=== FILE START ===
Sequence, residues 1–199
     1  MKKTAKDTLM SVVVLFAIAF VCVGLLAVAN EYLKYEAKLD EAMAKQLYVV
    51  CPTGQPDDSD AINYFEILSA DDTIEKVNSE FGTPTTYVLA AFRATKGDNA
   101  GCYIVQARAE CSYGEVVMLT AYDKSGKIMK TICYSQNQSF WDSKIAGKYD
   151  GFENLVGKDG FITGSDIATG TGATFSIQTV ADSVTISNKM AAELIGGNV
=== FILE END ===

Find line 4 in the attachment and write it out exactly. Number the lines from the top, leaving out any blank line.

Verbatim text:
   101  GCYIVQARAE CSYGEVVMLT AYDKSGKIMK TICYSQNQSF WDSKIAGKYD